You call that a swing? Now this is a swing.

Turn your creative powers to the outdoors this summer by putting a swing in your back yard.  You could put in a simple swing set for your children, but what’s the fun in that when you could have a swing like this!!Pkvu7

Or this!

Or even this!

Now that you’ve seen some successful swing sets, let’s look at how you go about making one.

First thing first, make sure you can build one in your yard. We’ve talked a lot about outdoor decorating recently, but not everyone has the freedom to do anything they want in their yard. Check with your Home Owners Association to make sure you can have a swing and if there are any regulations about how it should look and where it can be located. Here are some good tips on maintaining harmony with your neighbors while still being creative with your yard in an HOA. Also check with physics to see if you have the space, you don’t want to be swinging into a fence or the side of your house.

Next, figure out which kind of swing you’re going to build.  You can build a free standing swing or hang a swing from a tree limb.  Constructing a free standing swing will involve digging post holes and making a secure frame.  A swing from a tree limb requires a tree and a sturdy tree limb.  In this post we’ll look at how to hang a swing from a tree, but if you want to make a free standing swing, take a look at instructions here.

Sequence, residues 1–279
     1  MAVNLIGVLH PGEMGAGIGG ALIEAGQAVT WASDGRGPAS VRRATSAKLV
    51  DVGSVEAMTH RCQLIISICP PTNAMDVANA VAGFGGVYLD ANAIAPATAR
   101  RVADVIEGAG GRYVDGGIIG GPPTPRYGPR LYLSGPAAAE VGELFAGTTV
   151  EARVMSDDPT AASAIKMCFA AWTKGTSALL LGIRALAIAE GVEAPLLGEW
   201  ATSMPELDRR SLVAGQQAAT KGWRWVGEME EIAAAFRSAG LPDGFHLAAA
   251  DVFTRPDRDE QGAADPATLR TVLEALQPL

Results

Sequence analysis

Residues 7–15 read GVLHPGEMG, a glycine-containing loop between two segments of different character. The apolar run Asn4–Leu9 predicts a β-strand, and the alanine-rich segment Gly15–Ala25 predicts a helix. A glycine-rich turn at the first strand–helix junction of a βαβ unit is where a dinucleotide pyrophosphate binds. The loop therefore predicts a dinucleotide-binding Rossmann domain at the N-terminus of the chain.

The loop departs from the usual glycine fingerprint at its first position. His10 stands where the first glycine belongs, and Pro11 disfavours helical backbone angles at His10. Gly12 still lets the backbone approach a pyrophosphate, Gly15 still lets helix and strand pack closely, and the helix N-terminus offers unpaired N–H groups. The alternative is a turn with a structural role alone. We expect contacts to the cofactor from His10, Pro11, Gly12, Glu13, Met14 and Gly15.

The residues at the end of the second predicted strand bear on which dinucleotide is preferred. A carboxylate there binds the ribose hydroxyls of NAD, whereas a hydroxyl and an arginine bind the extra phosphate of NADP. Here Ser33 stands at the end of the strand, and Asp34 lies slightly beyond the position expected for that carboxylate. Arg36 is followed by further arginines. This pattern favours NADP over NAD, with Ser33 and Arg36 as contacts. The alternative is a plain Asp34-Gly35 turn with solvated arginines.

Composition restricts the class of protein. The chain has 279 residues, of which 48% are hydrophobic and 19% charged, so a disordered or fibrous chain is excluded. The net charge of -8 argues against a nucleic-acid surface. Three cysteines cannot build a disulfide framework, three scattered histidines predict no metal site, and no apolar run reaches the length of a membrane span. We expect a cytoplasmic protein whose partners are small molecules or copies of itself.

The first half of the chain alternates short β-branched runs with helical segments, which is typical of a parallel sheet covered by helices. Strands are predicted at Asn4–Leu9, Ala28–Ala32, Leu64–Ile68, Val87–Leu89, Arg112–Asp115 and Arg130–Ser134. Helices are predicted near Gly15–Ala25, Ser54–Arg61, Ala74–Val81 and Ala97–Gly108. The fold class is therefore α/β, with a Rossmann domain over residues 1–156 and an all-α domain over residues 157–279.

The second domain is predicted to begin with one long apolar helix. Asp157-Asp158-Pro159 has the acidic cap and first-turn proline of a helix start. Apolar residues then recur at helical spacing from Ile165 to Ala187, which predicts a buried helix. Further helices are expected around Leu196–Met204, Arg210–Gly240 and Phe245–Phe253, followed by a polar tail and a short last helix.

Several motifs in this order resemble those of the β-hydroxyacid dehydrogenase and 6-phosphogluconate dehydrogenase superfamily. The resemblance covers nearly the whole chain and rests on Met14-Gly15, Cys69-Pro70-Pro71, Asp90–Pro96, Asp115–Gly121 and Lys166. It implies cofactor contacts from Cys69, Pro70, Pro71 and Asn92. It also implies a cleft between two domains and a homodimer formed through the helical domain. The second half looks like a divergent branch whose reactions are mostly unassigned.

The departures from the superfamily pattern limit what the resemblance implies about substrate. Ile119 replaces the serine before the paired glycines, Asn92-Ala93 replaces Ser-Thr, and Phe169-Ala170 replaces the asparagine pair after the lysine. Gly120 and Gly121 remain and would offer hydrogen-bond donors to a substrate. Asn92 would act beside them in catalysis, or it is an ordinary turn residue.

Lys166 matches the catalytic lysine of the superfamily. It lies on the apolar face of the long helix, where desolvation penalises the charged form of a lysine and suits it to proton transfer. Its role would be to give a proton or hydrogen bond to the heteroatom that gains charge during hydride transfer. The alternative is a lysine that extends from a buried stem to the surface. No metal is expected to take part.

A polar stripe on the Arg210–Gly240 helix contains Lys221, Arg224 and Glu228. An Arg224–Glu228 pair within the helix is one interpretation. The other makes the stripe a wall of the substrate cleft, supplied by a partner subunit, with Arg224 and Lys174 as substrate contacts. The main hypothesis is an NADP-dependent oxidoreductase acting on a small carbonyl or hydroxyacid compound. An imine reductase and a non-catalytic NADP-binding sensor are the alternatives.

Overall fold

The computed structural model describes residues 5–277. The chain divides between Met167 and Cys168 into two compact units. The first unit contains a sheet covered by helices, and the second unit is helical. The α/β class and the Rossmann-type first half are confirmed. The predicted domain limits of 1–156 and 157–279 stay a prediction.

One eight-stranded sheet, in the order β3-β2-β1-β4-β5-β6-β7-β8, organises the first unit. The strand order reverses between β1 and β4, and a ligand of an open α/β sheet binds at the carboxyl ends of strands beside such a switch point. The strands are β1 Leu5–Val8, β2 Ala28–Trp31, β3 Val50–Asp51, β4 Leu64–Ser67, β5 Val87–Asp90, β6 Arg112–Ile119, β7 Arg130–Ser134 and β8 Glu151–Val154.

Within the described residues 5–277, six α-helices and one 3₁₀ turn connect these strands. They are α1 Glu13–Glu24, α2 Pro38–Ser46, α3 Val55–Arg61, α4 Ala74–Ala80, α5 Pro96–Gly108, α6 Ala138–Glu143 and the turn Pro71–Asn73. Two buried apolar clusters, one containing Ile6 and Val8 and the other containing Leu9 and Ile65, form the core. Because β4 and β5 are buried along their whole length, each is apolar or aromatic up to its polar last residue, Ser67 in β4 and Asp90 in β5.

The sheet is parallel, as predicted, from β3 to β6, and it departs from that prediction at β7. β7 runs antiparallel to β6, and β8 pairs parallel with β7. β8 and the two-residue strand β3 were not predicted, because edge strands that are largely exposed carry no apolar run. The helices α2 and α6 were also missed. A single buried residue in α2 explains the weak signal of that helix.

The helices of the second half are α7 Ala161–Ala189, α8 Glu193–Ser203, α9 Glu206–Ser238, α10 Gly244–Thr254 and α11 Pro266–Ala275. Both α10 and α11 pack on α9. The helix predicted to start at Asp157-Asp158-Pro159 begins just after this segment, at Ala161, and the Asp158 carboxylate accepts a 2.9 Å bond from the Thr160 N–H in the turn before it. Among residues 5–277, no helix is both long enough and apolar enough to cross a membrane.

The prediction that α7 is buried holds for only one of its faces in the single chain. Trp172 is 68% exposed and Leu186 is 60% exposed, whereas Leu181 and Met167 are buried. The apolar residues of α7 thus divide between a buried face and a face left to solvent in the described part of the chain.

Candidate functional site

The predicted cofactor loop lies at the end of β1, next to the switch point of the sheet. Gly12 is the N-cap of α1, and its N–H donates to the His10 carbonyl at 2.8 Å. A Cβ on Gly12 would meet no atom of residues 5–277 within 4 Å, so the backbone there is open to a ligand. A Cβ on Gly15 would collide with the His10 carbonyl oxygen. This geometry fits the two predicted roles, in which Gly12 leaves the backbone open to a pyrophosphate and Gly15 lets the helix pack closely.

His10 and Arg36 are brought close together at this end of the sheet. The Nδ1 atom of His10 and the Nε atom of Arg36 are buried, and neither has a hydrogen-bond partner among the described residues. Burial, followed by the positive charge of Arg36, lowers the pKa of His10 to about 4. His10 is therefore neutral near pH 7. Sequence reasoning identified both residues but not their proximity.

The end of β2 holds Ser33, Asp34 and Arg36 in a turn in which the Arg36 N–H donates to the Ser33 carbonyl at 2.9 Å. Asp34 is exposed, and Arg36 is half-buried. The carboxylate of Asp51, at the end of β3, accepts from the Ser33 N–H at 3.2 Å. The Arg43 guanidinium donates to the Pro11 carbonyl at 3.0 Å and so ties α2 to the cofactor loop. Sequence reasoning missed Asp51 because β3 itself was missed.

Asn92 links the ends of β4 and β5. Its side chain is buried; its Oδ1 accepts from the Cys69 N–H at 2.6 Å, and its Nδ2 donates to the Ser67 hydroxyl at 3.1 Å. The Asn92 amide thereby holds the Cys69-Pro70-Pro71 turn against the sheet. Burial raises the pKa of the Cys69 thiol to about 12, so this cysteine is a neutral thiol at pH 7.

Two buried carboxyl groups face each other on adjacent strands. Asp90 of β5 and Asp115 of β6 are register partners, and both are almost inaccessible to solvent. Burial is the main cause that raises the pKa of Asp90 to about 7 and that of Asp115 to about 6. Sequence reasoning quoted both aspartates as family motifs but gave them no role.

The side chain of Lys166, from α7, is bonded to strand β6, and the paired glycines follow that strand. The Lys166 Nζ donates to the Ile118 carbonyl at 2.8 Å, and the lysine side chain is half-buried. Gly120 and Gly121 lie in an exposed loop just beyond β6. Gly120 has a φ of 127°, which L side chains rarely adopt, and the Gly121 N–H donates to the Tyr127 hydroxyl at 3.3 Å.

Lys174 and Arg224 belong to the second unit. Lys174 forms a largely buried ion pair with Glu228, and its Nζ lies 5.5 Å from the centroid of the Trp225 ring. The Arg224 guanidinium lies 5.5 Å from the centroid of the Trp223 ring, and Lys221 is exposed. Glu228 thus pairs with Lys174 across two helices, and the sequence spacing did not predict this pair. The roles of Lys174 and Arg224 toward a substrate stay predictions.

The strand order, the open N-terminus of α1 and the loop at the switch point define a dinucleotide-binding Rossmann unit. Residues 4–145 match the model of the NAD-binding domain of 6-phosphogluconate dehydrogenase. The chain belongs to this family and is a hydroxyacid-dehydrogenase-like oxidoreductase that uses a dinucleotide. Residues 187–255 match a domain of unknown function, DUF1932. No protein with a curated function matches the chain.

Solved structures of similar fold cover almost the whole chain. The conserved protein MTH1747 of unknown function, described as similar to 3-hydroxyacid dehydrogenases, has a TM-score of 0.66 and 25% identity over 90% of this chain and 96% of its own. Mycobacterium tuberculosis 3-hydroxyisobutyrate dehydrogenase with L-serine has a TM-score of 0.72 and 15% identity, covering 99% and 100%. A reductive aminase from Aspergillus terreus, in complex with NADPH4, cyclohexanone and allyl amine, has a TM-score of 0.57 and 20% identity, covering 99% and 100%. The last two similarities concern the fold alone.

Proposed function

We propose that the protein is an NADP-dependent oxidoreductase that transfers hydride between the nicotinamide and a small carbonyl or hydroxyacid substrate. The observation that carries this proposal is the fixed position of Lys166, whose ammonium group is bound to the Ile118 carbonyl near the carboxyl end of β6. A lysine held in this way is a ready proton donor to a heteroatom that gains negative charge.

For a tree swing, you will need

A tree


A swing

To be more specific

A tree with a good, strong limb that is high enough off the ground.  The tree limb must be in good shape and at least 10 inches in diameter or more.  The higher the limb, the longer the swing will swing.  A straight limb is crucial for an even swing, gentle swing.

Poly twisted rope at least 3/8’’ in diameter.  Natural rope will rot over time and braided nylon is too slick and slippery to safely hold a knot.

A swing that will fit your needs, which could be as simple as a plank of wood or as complex as a sturdy wooden lawn chair with cup holders.   You should stay away from pressure treated wood as the pressure treating process includes metals and harsh chemicals you don’t want on your skin, in case of a splinter.

Make your swing first.  No matter what design you choose, make sure it’s sturdy and the hardware you use to attach it has been weight tested.  Eyebolts and other metal hardware pieces will have a weight rating either stamped onto the piece of metal or on the packaging.  Don’t use a piece of hardware if you can’t find a weight rating for it and take into account that swinging puts a lot of extra force on every piece of equipment.

You’ll need to figure out how high off the ground you want your swing, usually 2 ½ to 3 feet works best.  Remember to measure the length of rope that it will take to suspend the swing as well as the amount of rope it will take to tie the knots.  You can always cut off excess rope and it will save you a trip to the emergency room.

Attach the rope to the tree limb either with a ladder or by throwing the rope over the limb.

Use a bowline knot to firmly attach the rope to the limb and the swing as a bowline knot will only break if the rope breaks.  You can put a few pieces of garden hose cut in half on the tree limb to act as a guide for the rope and prevent the rope from cutting into the tree.

That is the bare basics of hanging a swing from a tree.  Now get out there and start making this summer the greatest one yet!